New Delhi: Such is the poor representation of Scheduled Castes (SC), Scheduled Tribes (ST) and Other Backward Castes (OBC) in the Indian Institutes of Technology (IITs) and the Indian Institutes of Management (IIMs) that some of these premier institutions do not have even a single faculty member from these categories.
Sample this: Of the 784 sanctioned faculty posts in 18 IIMs, just two are from the ST community, according to data submitted in Parliament by the Ministry of Human Resource Development (HRD) in December.
The situation is no better for SCs, who have only eight faculty members while there are 27 members from the OBC category. Around 590 of the posts are occupied by those from the general category while the remaining have not been filled.
Together, the SCs, STs and OBCs make up just 6 per cent of the total present faculty members in the IIMs.
The situation at IITs is equally grim.
Of the 8,856 sanctioned faculty strength, 4,876 are from the general category, 329 are OBCs, 149 are SCs and a mere 21 are from the ST community. In effect, across 23 IITs, including new and old, only 9 per cent of the current faculty are either SCs, STs or OBCs.
The figures come amid serious concern that social inclusion could take a further hit with the new University Grants Commission (UGC) order directing colleges to hire department-wise as opposed to institution-wise. The new roster system is expected to affect the reservation formula in educational institutions.
The Constitution mandates that educational institutions should ensure 15 per cent reservation for SCs, 7.5 per cent for STs and 27 per cent for OBCs among their faculty members.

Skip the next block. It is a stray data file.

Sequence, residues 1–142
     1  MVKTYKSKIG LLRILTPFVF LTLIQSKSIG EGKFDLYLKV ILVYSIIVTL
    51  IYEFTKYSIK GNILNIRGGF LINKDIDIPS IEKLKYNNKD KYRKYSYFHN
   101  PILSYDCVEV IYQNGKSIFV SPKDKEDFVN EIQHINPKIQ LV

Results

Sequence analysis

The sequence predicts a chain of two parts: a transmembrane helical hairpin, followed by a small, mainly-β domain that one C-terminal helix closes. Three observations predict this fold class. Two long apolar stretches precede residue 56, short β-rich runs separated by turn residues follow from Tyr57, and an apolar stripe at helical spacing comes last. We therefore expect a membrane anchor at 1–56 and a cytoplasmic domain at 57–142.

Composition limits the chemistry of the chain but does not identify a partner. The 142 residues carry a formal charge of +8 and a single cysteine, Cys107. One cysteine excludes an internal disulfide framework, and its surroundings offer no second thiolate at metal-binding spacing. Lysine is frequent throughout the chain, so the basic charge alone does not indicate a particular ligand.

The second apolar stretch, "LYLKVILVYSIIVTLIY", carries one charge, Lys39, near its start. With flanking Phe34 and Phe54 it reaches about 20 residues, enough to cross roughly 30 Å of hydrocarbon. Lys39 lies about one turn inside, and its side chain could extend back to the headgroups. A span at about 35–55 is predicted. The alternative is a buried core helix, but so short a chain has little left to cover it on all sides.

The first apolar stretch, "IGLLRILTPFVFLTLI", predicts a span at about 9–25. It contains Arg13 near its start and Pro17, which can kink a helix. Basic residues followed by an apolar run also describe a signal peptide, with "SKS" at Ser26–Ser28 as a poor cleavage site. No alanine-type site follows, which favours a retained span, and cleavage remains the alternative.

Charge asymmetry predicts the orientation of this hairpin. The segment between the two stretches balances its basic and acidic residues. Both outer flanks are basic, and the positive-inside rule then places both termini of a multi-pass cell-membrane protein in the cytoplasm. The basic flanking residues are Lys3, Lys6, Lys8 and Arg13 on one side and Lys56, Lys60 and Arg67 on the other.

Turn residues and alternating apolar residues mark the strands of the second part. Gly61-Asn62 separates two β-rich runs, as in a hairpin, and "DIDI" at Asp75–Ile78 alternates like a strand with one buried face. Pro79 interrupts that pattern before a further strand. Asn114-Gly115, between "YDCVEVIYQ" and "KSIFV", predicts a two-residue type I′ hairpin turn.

According to the rules, however, technical institutions such as the IITs and IIMs can hire from the general category if they don’t find eligible candidates for the positions.
The premier institutes use this ruse, arguing that there is no lack of will on their part and it is just that they don’t find eligible candidates from the three categories.
Some institutes don’t have any SC, ST or OBC faculty
Of the 23 IITs, 15 — including the IITs at Mumbai, Kanpur and Kharagpur — have no ST faculty at all. IIT Mandi has no SC faculty while two other IITs — at Goa and Dharwad — have no faculty belonging to the OBC category. SCs and STs are just 2.5 per cent of the total faculty pool.
The IIMs, which recently became autonomous, are even worse when it comes to adhering to the reservation norms. Most of them don’t have a single scheduled caste faculty member.
Of the 18 IIMs that shared data with the government (barring IIM Ahmedabad and Indore), 16 did not have a single ST faculty member and 12 did not have any representation from the SC category. Seven of the IIMs had no OBC faculty. The SC, ST faculty are just 1.5 per cent of the total faculty pool.
“IITs and IIMs hire SC, ST and OBC faculty at the entry level only,” a senior HRD Ministry official said. “They need to advertise for positions. If they don’t find suitable candidates, then they can take others.”